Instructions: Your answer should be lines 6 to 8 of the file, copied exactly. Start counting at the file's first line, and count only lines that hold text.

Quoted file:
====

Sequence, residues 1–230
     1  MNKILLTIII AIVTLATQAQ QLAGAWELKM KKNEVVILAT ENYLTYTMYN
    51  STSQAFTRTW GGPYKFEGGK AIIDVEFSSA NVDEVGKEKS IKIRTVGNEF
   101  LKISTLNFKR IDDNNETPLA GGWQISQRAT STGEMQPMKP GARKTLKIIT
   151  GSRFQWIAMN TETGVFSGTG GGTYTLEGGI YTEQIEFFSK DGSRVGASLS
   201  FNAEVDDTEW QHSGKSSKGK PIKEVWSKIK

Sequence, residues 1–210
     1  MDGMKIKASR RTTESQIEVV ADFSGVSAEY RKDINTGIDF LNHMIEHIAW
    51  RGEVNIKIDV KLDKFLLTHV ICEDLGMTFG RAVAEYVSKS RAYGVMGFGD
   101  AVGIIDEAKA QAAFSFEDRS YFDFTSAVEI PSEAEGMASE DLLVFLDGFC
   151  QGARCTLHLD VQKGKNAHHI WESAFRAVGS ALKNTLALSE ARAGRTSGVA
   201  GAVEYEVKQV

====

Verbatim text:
   201  FNAEVDDTEW QHSGKSSKGK PIKEVWSKIK

Sequence, residues 1–210
     1  MDGMKIKASR RTTESQIEVV ADFSGVSAEY RKDINTGIDF LNHMIEHIAW